3.  Probably the best information available on this is from Hone & Donnelly (2008) and Donnelly & Hone (2010). They reported that they had analysed data from the 10 sites randomly selected to be proactive culling sites in the UK Randomized Badger Culling Trial. The authors stressed that the data were observational (not experimental) with the badger data only from the initial cull and the cattle TB incidence data for the year prior to the cull. They developed a priori two-host mathematical models of relationships between bovine TB infection in cattle and badger populations, and then evaluated the predictions of such models relative to the data.

    Their model prediction with the most support (based on Akaike's Information criterion) was a positive linear relationship through the origin between the density of infectious cattle and the density index of infectious badgers (shown below). Several of their models - namely those with density-dependent transmission within and between species, and/or environmental transmission - predicted such a relationship. The figure below shows how closely the data fitted that relationship. The coefficient of determination was quite high at R2 = 0.869. This could be taken to suggest that a high proportion of the variation was thus explained, but since it was assumed that the line passed through the origin, R2 no longer has its usual simple meaning ( Kvålseth, 1985)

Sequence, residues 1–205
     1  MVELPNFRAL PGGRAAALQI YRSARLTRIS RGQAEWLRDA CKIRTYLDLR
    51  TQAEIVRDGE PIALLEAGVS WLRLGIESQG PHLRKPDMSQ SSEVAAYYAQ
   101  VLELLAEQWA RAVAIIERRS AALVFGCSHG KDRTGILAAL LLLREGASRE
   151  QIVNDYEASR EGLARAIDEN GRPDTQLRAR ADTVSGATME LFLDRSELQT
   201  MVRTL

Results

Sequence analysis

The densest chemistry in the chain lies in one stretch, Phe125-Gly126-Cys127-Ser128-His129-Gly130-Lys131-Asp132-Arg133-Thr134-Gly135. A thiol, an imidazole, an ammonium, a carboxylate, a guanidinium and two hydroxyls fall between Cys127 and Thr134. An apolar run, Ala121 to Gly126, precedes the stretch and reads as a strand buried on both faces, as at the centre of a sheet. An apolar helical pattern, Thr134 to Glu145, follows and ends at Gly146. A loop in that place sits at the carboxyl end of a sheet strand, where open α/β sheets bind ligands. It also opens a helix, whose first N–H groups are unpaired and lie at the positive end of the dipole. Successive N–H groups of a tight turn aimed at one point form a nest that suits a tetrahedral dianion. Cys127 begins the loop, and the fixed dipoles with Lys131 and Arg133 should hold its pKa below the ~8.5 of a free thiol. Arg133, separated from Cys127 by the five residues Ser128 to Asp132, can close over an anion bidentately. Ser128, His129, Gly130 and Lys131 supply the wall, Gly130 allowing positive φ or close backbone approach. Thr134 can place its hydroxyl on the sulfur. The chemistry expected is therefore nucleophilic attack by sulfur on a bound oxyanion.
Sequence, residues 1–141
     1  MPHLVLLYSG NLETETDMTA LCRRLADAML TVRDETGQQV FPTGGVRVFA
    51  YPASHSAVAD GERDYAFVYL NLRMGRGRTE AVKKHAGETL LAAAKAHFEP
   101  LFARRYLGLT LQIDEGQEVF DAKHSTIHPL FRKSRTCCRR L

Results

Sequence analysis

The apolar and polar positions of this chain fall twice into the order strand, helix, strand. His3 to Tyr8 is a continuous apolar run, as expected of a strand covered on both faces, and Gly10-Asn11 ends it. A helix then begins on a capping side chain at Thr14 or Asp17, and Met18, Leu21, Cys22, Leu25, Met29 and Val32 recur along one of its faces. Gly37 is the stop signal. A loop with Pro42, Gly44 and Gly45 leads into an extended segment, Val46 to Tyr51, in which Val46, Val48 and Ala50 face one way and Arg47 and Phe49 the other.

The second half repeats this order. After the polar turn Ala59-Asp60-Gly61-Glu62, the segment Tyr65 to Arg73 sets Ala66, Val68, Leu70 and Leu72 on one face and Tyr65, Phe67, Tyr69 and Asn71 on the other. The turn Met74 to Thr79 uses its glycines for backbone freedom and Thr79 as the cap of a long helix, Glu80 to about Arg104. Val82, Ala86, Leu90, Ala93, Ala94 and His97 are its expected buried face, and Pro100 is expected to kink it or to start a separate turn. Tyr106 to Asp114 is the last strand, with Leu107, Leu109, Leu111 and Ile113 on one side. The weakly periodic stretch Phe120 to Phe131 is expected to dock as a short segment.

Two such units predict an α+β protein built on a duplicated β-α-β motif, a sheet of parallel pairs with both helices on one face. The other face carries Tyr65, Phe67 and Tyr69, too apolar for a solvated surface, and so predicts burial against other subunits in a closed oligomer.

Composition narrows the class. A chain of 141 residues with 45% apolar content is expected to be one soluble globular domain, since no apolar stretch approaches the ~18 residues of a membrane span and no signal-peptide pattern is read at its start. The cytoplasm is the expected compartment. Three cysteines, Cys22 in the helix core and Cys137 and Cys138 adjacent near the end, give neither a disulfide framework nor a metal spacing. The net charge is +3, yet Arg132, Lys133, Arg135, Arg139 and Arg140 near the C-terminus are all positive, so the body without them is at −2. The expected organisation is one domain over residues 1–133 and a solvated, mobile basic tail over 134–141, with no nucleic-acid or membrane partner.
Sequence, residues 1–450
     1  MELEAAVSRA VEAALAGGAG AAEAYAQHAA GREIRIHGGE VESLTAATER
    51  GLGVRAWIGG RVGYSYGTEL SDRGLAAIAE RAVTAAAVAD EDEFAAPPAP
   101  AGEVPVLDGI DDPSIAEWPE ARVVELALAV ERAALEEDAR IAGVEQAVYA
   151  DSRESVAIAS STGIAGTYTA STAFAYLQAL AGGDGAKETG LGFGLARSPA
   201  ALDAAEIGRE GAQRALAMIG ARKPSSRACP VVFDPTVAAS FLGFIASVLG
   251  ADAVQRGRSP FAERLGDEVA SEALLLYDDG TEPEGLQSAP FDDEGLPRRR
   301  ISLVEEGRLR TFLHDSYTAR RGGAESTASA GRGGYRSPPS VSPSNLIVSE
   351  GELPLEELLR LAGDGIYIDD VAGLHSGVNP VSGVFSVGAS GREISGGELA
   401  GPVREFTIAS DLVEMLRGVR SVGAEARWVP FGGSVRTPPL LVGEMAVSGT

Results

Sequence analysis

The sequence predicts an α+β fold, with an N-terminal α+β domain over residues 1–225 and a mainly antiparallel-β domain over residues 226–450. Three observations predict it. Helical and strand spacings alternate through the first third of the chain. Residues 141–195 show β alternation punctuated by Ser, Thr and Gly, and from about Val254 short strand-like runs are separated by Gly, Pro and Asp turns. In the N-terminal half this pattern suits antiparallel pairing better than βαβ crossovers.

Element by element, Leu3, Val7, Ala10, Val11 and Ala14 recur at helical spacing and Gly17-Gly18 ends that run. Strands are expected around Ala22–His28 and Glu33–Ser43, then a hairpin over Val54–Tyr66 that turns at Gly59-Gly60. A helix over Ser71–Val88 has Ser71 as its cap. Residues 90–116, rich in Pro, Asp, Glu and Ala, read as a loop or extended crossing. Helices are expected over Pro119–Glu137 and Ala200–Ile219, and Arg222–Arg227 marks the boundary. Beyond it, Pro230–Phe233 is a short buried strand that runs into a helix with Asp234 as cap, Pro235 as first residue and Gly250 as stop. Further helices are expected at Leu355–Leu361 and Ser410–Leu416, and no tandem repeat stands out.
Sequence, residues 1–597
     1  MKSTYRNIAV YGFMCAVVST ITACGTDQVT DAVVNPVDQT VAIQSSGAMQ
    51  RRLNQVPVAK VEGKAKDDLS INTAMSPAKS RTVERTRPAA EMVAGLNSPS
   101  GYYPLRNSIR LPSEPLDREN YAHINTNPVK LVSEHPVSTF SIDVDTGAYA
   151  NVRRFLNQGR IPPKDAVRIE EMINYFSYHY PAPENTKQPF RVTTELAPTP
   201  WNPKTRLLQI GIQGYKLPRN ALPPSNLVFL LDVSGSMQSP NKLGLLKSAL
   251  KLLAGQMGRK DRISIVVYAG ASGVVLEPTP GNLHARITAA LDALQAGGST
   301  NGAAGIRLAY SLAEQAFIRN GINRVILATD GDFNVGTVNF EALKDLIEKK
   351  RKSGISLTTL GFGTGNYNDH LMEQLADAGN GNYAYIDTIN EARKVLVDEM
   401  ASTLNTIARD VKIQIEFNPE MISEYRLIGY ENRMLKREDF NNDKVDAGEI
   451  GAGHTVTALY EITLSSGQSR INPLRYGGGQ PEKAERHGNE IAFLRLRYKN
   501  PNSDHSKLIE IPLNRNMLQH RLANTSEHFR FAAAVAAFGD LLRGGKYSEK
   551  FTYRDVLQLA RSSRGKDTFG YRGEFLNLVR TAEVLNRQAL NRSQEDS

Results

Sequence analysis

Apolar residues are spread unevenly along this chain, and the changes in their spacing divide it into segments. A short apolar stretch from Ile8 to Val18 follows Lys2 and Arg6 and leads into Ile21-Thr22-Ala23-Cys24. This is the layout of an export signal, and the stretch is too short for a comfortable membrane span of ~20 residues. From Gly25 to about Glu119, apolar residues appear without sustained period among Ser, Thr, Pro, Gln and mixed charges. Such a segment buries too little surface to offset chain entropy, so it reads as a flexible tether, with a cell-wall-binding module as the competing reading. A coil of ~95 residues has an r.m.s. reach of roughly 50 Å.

Modified figure reproduced here for critical appraisal is from Hone & Donnelly (2008).

    Whilst recognising that their results were based on observational data, a small data set and two clusters of data points (shown orange and green in our graph), Hone & Donnelly argued that this graph demonstrated a close positive relationship between bovine TB in cattle herds and badgers infectious with M. bovis - with infection passing in both directions. They suggested that this meant that bovine TB in cattle herds could be substantially reduced, possibly even eliminated, in the absence of transmission from badgers to cattle, providing there was no change in the situation during the process of reducing transmission.

    Clearly there is a relationship here - but describing it as 'close' is questionable.

    • In the right hand cluster, the initial proactive culling of badgers was delayed until after the foot and mouth disease (FMD) epidemic in 2001. Over this period all testing for bovine TB ceased. These triplets showed markedly higher levels of bovine TB in both cattle and badgers, interpreted by Bourne et al. (2007) as evidence of cattle to badger transmission when cattle testing and culling was interrupted by the FMD epidemic. Hone & Donnelly felt that a more uniform spread of data across the range of density of infectious badgers would have been desirable. This is true, but what is more important is that the same relationship should hold within each of the two clusters.